Friday roundup: 49ers stadium squabble, Richmond nixes arena plan (for now), Mets’ $55m taxpayer-funded sofas off-limits to mere minor-leaguers because “status”

A glacier in Antarctica just lost a chunk of ice bigger than Seattle twice the size of Washington, D.C. nearly the size of Atlanta almost as big as Las Vegas a third the size of Dublin, maybe it’s time to quit driving an SUV? Or maybe it’s just time to focus on some more human-scale disasters that involve small groups of people enriching themselves to the detriment of humanity:

Share this post:

Netflix mistakes “House of Cards” for football team, threatens to move out of Maryland without tax breaks

Sometimes I get complaints that I focus too much on sports subsidies without acknowledging that other industries extort tax money for their own private profits as well — which, you know, there are only so many hours in the day, people. But just to prove that I do pay attention to non-sports subsidy shenanigans, here’s U.S. News’ Pat Garofalo reporting on how Netflix’s “House of Cards” is threatening to move out of Maryland if it doesn’t get bigger tax breaks:

In a letter to Gov. Martin O’Malley, D-Md., the studio said it would “break down our stage, sets and offices and set up in another state” if it receives insufficient taxpayer largesse to film the show’s third season. “I wanted you to be aware that we are required to look at other states in which to film on the off chance that the [subsidy] legislation does not pass, or does not cover the amount of tax credits for which we would qualify,” the letter said. “I am sure you can understand that we would not be responsible financiers and a successful production company if we did not have viable options available.”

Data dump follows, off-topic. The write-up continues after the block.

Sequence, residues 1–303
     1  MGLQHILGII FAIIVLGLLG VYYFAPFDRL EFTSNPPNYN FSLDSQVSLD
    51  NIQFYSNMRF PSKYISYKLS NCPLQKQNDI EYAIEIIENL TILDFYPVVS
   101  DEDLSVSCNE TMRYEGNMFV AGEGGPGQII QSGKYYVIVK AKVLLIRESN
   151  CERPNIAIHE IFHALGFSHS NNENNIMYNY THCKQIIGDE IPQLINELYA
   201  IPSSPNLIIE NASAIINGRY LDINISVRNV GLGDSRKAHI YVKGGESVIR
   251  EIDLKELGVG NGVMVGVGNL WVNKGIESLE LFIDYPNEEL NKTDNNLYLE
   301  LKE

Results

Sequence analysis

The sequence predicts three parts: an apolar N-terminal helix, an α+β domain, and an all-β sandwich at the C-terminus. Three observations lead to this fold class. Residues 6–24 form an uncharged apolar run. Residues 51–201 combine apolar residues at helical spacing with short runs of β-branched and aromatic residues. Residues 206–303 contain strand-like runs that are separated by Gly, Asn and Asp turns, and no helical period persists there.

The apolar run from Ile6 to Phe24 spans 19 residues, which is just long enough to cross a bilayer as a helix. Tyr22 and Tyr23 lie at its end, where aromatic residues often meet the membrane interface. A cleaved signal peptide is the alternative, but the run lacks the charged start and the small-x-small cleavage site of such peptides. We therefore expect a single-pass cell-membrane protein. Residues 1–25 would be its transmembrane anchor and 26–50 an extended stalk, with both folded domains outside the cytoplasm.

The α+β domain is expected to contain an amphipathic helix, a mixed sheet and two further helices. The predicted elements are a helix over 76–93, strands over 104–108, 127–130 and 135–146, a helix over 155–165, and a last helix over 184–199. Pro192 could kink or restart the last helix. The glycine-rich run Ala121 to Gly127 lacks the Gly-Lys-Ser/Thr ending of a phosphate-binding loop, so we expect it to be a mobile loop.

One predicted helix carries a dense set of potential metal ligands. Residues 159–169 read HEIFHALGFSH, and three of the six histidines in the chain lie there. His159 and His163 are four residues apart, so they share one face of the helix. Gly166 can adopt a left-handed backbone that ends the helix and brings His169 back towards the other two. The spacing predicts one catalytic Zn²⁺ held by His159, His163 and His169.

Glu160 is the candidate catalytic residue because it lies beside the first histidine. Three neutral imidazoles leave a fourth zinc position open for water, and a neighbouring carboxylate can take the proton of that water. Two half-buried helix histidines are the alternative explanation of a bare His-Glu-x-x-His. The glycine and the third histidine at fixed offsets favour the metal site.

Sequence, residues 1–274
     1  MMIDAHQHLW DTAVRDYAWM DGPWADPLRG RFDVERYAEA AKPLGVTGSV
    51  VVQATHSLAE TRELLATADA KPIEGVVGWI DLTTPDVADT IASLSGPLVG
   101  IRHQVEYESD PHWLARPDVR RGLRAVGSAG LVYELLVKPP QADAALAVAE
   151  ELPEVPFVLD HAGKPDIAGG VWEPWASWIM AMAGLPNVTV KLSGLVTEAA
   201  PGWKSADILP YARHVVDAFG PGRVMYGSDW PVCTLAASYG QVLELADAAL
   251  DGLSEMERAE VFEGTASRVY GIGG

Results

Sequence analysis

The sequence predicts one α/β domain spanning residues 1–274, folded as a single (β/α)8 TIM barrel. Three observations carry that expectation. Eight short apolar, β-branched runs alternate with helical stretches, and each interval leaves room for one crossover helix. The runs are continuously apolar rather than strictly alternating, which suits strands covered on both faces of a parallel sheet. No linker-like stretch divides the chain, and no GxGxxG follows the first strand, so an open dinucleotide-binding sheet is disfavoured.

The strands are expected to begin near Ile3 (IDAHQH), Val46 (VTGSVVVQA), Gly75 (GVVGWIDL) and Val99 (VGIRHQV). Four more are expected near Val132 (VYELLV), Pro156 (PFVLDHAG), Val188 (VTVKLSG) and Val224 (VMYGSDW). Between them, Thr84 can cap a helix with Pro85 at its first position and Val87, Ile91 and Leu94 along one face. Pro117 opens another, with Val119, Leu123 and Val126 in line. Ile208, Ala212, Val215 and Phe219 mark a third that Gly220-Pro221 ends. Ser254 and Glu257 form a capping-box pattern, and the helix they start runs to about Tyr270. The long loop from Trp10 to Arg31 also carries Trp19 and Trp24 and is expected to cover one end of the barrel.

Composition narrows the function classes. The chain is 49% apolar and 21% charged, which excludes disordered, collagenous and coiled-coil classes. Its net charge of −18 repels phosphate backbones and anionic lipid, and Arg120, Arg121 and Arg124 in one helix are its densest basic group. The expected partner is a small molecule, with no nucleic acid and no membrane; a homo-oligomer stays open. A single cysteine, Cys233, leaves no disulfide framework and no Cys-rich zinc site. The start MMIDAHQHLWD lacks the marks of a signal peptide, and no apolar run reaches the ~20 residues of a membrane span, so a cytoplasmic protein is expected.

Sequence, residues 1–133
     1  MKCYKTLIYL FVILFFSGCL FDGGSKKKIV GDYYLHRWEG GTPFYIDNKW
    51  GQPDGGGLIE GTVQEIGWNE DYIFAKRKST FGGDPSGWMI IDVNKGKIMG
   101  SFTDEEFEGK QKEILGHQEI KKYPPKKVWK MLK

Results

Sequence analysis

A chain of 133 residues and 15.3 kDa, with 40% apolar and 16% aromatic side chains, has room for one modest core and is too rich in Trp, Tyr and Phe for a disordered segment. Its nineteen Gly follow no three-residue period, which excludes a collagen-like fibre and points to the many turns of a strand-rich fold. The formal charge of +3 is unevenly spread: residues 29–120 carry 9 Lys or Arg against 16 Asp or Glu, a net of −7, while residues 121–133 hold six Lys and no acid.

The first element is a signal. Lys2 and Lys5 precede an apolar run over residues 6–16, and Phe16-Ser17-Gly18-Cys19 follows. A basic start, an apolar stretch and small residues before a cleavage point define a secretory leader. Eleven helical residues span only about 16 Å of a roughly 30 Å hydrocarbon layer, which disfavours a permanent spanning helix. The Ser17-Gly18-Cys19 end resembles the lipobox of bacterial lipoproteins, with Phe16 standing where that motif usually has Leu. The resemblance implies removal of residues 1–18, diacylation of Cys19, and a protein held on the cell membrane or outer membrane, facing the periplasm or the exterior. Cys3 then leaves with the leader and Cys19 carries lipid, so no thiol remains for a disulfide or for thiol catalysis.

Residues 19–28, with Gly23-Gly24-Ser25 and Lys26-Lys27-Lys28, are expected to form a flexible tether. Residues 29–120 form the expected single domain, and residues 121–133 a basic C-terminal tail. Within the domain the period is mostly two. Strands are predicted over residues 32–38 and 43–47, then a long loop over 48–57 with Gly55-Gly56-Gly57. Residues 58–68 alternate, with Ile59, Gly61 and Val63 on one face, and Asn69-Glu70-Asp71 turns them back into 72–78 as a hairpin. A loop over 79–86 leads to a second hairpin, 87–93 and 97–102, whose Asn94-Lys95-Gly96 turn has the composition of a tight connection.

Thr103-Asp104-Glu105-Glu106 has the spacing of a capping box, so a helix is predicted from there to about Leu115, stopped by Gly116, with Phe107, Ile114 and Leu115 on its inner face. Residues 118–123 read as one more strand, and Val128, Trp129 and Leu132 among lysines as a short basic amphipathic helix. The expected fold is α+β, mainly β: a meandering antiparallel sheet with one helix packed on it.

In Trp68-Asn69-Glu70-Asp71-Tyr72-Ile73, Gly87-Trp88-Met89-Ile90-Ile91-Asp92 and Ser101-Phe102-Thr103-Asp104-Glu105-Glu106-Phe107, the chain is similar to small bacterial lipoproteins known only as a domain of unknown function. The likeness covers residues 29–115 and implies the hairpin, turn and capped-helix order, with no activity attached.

Film production tax subsidies are, in fact, possibly even more widespread and egregious than sports subsidies, if that’s possible, which shouldn’t be surprising given that production companies can and do shoot just about anywhere, and film shoots are very public examples of economic activity (even if they almost never actually spend as much locally as states are shelling out in subsidies).

So anyway: Yes, lots of other industries do this, too. And they cover their butts as well by saying they’re just being “responsible financiers” by demanding that the public help subsidize their profits. It’s why plenty of economists have been calling for federal legislation to stop the “economic war among the states” — I’m sure Congress will get on that any day now, really.

Share this post: